The main legislation governing sexual orientation discrimination in the UK is The Employment Equality (Sexual Orientation) Regulations 2003, and the Equality Act (Sexual Orientation) Regulations 2007. Sexual orientation is defined as having a sexual attraction to:
- persons of the same sex (lesbians and gay men)
- persons of the opposite sex (heterosexual)
- persons of both sexes (bisexual).
In a country where, in the words of Tom Robinson, it’s perfectly acceptable to ‘sing if you’re glad to be gay, sing if you’re happy that way’ it may seem strange that lesbianism, homosexuality, bi-sexuality and transgenderism are still issues, but they are.
‘Unfortunately, it is still a problem in the UK. Children are still being bullied and taunted with the word "gay" in the playground because the word still carries negative connotations,’ says Brian McDonnell, Head of Amnesty International’s lesbian, gay, bi-sexual and transgender (LGBT) Network. ‘For adults, being perceived as gay can still inspire violence.’ Apparently, 77 per cent of LGBT young people experience homophobia in schools, while 66 per cent of LGBT individuals have been the victims of homophobia.
In the UK it is against the law for an employer to discriminate against you because of your sexual orientation, or ‘perceived’ sexual orientation – including orientation towards someone of the same sex (lesbian/gay), opposite sex (heterosexual) or both sexes (bisexual). You’re also protected against harassment or bullying at work. The law against sexualorientation discrimination at work covers recruitment, terms and conditions, pay and benefits, status, training, promotion and transfer opportunities, through to redundancy and dismissal. You shouldn’t be treated less favourably (for example, being refused employment) because of your sexual orientation, or because an employer thinks you are of a certain sexual orientation. If you feel you were not offered a job because of your sexual orientation you can take the matter to an employment tribunal.
You have the right not to be disadvantaged by a policy at work because of your sexual orientation. For example, if your company arranges a conference in a country where homosexuality is illegal and there is no good reason for it to be held there, this could be classed as indirect discrimination.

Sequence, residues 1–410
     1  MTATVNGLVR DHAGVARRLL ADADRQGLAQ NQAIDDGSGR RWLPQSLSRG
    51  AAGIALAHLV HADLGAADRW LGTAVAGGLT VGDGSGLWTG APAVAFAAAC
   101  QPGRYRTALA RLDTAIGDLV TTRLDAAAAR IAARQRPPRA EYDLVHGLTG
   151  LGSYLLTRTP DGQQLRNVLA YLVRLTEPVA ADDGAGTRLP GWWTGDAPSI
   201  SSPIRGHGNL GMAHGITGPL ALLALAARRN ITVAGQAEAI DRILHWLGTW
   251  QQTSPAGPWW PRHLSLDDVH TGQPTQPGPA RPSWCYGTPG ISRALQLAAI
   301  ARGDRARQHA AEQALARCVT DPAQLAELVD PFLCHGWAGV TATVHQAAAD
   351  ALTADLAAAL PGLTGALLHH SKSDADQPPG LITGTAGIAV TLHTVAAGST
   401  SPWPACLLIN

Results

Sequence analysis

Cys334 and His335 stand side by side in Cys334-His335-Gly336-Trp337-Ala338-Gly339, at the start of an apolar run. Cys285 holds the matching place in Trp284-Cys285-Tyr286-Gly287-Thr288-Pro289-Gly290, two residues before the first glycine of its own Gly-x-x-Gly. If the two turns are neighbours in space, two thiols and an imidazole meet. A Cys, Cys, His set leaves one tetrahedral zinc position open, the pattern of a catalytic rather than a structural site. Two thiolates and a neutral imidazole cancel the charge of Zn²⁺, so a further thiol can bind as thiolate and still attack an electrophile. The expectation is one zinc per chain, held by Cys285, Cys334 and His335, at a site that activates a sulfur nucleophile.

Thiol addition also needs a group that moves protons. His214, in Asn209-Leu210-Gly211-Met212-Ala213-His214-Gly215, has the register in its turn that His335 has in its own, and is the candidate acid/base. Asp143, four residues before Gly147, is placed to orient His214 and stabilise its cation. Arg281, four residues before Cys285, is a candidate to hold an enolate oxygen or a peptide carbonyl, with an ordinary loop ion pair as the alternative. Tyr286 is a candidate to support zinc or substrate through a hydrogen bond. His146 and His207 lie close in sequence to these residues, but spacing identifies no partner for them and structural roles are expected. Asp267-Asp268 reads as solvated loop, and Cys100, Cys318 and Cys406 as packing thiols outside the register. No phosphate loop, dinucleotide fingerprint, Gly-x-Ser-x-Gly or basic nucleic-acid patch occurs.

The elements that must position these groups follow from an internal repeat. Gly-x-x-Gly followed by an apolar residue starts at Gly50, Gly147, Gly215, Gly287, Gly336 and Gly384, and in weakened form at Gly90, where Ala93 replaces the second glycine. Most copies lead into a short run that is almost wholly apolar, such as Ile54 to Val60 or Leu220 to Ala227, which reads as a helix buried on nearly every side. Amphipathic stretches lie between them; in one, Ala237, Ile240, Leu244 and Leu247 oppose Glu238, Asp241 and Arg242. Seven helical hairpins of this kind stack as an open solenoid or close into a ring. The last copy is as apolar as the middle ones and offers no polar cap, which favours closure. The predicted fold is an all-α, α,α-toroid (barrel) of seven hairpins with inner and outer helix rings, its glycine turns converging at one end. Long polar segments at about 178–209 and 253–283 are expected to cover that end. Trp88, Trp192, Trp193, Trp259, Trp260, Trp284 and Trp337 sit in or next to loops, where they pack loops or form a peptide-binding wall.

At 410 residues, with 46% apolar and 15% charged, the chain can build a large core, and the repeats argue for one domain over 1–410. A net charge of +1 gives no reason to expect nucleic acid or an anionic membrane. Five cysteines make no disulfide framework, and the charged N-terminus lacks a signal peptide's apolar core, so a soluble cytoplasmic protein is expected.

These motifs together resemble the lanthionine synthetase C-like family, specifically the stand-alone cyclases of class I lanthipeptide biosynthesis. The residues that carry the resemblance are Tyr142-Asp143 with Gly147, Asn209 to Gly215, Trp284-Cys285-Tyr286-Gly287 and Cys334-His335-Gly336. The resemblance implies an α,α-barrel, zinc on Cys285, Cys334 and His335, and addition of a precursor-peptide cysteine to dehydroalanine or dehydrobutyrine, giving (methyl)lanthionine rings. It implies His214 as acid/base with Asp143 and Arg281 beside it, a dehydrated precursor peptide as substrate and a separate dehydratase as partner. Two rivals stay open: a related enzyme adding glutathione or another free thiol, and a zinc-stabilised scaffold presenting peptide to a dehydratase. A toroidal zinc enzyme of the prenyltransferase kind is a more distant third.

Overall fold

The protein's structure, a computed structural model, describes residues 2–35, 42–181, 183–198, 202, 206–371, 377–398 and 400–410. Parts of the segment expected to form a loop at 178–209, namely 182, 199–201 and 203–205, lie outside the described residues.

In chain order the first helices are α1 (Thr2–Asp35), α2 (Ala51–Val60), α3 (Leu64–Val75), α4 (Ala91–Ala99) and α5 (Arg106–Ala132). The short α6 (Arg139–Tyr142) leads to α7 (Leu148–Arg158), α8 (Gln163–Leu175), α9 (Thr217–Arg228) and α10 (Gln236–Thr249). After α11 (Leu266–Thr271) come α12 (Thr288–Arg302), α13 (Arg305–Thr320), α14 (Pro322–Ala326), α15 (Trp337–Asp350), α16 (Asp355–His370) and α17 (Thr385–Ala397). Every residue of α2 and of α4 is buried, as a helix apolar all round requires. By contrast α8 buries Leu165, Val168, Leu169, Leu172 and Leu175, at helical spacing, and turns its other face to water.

Some employers ask for details of the sexual orientation of employees – either for monitoring purposes, or as part of an equal opportunities questionnaire. However, you don’t have to give this information. In 2005 in the case Brooks v Findlay Industries UK Ltd, the claimant was a gay man who kept his sexual orientation hidden from his colleagues. Colleagues started spreading rumours that he was gay, culminating in open taunts and the disclosure of his confidential contact details which referred to his male partner. The employer was found liable for discrimination and harassment on grounds of sexual orientation.
Despite the progress made in terms of protecting LGBT individuals’ legal rights, there is still more to be done according to experts: ‘In Britain we must not become complacent about the achievements we have made as far as acceptance of the LGBT community is concerned,’ says McDonnell. ‘There are still certain groups in our society, especially religious groups, that would like to see our freedoms curtailed.’
LESBIAN, GAY, BI-SEXUAL, AND TRANS-GENDER FACTS AND FIGURES
- until 1967 male homosexuality was illegal in England and Wales
- homosexuality was still illegal in Scotland until 1980
- homosexuality was still illegal in Northern Ireland until 1982
- until 1992 homosexuality for both women and men was considered a mental disorder by the World Health Organisation
- in 1952 almost 4,000 gay men were arrested in this country simply for being gay – many went to prison and many others suffered the indignity (and often permanent physical and psychological damage) of the supposed ‘cures’, which included lobotomies, aversion therapy, and chemical castration
- lesbianism only escaped criminalisation in order to protect impressionable women: it was feared the mere mention that lesbianism existed was likely to corrupt more women than it protected